She was one of the earliest keyboard warriors, who harnessed the power of the internet, sending men and women to their deaths in the cause of jihad, shedding much blood both at home and abroad.
Antisemitism is back in vogue. What is especially worrying this time is how many seek to downplay it or repeat its tropes without realizing it.
The battle for control of the Philippines’ “Islamic City” was a five-month nightmare in a town 5,000 miles from the dying caliphate of the Islamic State. Years later, its consequences are still being felt.
Haunted by her complicity in slandering Hasna Ait Boulahcen as a suicide bomber, writer-director Dina Amer embarked on a seven-year journey to understand and depict Boulahcen’s life. “You Resemble Me” is the result. New Lines sat down for an interview with Amer to talk about the film.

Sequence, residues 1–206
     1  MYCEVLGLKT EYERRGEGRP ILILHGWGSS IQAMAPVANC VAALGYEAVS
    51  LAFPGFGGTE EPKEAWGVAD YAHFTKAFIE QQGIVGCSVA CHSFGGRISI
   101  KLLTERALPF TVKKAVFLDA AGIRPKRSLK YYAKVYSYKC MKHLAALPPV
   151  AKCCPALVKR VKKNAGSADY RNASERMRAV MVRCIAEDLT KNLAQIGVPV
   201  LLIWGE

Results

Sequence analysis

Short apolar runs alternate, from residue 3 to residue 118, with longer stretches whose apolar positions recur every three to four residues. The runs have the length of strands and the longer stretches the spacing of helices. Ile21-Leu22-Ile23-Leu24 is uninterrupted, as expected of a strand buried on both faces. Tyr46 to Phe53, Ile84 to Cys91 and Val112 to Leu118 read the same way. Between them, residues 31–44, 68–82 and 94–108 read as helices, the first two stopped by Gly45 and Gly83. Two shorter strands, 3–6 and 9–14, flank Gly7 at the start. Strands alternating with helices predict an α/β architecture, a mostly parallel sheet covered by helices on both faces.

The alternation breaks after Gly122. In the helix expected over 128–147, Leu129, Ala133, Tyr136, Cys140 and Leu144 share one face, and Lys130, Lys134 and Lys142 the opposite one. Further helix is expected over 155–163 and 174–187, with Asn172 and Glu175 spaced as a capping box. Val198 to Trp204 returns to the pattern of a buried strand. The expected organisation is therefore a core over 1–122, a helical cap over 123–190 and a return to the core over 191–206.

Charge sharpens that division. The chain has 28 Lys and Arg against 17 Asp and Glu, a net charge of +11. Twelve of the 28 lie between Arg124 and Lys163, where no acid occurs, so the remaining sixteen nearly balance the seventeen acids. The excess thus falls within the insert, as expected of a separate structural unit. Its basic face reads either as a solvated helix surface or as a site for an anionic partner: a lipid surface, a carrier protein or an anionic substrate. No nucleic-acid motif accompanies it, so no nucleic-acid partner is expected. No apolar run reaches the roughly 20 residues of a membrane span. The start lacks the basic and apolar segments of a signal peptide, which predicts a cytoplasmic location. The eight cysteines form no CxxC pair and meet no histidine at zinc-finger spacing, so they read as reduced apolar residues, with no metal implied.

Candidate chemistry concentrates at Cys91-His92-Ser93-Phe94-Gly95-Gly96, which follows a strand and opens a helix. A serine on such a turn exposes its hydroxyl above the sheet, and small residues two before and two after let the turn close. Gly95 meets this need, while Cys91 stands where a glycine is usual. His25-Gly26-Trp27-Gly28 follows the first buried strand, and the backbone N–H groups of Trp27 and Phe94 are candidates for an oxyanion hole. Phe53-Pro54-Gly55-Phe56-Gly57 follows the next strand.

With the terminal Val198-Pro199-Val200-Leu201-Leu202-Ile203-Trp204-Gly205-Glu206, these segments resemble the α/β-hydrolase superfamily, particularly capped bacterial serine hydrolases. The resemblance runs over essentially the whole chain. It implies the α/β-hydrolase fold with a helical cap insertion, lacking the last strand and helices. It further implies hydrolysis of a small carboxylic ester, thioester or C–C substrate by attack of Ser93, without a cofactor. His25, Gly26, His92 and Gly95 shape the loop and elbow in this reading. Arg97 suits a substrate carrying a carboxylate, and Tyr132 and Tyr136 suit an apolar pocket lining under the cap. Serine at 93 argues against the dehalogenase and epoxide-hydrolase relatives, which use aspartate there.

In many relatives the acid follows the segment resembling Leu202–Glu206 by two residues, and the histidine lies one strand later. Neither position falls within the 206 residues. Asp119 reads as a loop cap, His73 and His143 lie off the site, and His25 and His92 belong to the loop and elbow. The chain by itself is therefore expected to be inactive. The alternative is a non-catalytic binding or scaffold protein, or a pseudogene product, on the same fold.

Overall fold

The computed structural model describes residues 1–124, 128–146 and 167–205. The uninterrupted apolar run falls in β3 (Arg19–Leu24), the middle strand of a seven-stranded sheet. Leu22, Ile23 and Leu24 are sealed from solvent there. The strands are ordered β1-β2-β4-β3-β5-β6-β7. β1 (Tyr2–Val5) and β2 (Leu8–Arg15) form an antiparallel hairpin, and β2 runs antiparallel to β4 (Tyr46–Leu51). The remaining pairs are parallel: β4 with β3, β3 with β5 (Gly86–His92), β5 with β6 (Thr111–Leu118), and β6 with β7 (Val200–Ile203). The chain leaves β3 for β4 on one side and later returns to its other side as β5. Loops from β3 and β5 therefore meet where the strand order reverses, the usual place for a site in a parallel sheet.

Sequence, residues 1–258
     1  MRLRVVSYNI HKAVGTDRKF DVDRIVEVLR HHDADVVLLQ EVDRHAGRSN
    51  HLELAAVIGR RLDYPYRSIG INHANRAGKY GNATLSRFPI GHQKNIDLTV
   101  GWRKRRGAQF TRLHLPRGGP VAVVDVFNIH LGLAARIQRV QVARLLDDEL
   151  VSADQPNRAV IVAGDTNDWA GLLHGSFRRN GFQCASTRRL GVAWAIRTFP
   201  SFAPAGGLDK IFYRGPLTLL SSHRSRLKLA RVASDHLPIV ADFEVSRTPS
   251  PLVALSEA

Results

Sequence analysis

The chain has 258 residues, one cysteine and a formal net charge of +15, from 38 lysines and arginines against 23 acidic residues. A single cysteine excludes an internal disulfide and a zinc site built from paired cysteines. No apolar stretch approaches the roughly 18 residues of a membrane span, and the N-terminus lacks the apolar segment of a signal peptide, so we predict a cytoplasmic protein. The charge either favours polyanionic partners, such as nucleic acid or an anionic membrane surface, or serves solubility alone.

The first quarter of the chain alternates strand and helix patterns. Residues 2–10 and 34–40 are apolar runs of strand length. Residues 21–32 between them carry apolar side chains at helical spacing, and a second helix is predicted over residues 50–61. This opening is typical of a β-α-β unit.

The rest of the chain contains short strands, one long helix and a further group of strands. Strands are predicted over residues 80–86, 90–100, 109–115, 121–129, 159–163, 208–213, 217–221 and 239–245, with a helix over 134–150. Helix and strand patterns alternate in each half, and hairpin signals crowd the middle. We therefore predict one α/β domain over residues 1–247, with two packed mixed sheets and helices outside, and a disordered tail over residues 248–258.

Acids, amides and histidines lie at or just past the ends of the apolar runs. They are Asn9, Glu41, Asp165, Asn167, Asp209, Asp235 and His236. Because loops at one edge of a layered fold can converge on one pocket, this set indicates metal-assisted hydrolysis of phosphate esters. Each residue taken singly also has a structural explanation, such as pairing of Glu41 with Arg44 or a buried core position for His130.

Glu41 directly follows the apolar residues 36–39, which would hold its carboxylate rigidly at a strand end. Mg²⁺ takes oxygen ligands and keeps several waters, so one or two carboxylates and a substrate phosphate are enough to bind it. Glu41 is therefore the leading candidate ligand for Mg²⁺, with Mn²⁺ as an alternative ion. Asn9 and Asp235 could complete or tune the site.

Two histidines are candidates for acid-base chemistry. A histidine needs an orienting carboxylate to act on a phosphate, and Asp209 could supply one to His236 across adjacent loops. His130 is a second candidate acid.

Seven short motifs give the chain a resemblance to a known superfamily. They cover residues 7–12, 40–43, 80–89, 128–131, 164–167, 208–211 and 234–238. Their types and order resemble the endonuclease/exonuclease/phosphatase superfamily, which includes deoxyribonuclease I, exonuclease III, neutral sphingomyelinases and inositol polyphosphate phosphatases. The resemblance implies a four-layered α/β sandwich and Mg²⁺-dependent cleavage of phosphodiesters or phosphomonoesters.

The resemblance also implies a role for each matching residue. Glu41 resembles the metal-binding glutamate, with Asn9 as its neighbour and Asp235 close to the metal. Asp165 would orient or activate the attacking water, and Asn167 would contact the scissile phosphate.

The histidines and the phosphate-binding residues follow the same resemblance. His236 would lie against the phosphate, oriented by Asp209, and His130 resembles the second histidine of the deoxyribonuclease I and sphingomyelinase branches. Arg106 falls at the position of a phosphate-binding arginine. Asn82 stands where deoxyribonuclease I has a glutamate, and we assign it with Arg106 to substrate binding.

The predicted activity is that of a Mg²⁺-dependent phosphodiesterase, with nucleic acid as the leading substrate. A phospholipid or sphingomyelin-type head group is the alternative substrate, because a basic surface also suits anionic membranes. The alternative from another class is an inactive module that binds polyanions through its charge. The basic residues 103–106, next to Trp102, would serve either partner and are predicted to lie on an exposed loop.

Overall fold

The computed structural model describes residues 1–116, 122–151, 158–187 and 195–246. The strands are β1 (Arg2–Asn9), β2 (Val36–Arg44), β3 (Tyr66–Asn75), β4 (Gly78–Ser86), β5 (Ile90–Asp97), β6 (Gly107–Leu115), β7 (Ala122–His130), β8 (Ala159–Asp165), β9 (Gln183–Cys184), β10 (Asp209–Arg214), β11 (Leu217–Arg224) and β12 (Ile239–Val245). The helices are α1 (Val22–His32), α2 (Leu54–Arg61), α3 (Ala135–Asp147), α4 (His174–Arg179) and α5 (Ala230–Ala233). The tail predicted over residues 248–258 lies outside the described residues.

The war machine has learned to be more sustainable over time, to eliminate all alternatives to itself, to transform the monsters it creates into a justification for its own existence, to hide the costs of violence from the public and even itself.
The presence of Arab exiles in some of Europe’s greatest cities meant that these often complex events were framed in a language of anger and alienation that suggested the governments of both the West and East didn’t want to see a Muslim world, still reeling from colonization, rise up and challenge their authority. Given this atmosphere, it was easy for angry young men, far from their ancestral homelands, to become radicalized.
Qaradawi’s edict on suicide bombings will be the focus of Western media. But the influential cleric will be remembered differently in the Muslim world, as someone who challenged conservative social mores.